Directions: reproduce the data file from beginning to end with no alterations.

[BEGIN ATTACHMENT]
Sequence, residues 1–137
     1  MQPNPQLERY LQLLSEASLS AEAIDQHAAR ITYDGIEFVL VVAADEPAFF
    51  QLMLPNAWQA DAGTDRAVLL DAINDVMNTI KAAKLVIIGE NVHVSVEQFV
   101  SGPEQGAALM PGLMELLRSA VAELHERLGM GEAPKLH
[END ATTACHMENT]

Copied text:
Sequence, residues 1–137
     1  MQPNPQLERY LQLLSEASLS AEAIDQHAAR ITYDGIEFVL VVAADEPAFF
    51  QLMLPNAWQA DAGTDRAVLL DAINDVMNTI KAAKLVIIGE NVHVSVEQFV
   101  SGPEQGAALM PGLMELLRSA VAELHERLGM GEAPKLH